In assessing whether this disclosure was sufficient for HGS' patent to meet the requirement of industrial applicability, the Court of Appeal was first faced with the fact that the TBA had already found the patent valid. Jacob LJ, giving the leading judgment in the case, noted that the UK courts would follow any principle of law clearly set out by the EPO, unless it was clear that "the commodore is steering the fleet on to the rocks". However, the application of those principles to a particular case would often be a question of degree. Where the issue is a matter of degree, courts will disagree, and the English Court could differ legitimately from a decision of the EPO.

In addition, the assessment of industrial applicability was necessarily a fact-dependent exercise and the facts before the different tribunals may well differ. Whereas the English courts adopted an intense fact-finding process, this was not the case in the EPO, where there is generally no disclosure and no crossexamination of witnesses. Again, Jacob LJ saw no reason for the higher level of scrutiny in the English system to defer to that of the EPO.

In reviewing EPO case law to determine those relevant principles, Jacob LJ held that the disclosed industrial applicability must be plausible. This was described as meaning "having a significant degree of likelihood to be true", "having some real reason for supposing the statement is true" and being "reasonably credible", meaning something more than merely not incredible. Jacob LJ also held that the industrial applicability must be sufficiently precise that it would not be enough to state merely that something has a use as a pharmaceutical without doing more to specify what that pharmaceutical use might be.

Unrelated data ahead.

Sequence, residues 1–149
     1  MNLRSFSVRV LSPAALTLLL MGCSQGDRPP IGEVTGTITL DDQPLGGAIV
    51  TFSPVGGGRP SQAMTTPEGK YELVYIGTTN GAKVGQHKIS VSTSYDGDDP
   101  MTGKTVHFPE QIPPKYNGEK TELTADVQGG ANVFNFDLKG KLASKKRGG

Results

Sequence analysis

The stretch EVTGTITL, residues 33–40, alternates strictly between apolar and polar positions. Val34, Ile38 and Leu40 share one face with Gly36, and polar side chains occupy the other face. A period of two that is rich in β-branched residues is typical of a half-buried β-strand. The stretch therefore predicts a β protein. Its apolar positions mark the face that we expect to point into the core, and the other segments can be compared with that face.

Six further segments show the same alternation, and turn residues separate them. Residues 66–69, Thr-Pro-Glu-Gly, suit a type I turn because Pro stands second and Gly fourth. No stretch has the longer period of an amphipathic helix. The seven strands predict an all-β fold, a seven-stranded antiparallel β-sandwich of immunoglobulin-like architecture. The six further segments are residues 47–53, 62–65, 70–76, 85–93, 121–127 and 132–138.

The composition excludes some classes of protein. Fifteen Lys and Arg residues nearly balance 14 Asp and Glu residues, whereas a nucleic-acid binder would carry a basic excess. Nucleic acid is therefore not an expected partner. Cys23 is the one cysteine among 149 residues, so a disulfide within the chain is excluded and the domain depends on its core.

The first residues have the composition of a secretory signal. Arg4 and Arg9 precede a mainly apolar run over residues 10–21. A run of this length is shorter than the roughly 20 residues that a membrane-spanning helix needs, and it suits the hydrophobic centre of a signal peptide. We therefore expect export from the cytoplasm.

The Court of Appeal was required to apply these principles to the facts as found by the first instance judge, which included that, the inventors had no idea as to the activity of neutrokine- α, and that it was hard to believe, on the basis of no experimental data, that, neutrokine-α could treat such a diverse range of conditions. The first instance judge further found that the skilled person would have known not only that TNF proteins were involved in immune regulation and an extensive range of diseases, but also that TNF proteins had a wide range of different actions, with there being no disease related to all TNF proteins; and in reality, one was faced with a research programme to see which of the possible uses was real. In light of these findings the Court of Appeal therefore held that there was no disclosure of an industrial applicability which was both specific and plausible. Consequently, the ruling that the patent was invalid for lack of an industrial applicability was upheld.

COMMENT

This is the first case in the United Kingdom to address properly the question of industrial applicability. In doing so, the English courts have adopted the principles drawn from EPO case law; Jacob LJ referred to the need for an industrial application to be specific and plausible, similar to the requirements of the EPO that the industrial applicability not be vague and be more than speculative.

Nevertheless, even though the principles applied were the same, the Court of Appeal reached a different conclusion from that of the EPO. Whilst this might be explained by the different facts placed before the tribunals, Jacob LJ nevertheless commented that he found the finding of the TBA surprising even on the facts as the TBA found them. It therefore seems that even though the United Kingdom and the EPO are applying the same principles, the manner in which they apply them can and sometimes will differ, at least with regard to industrial applicability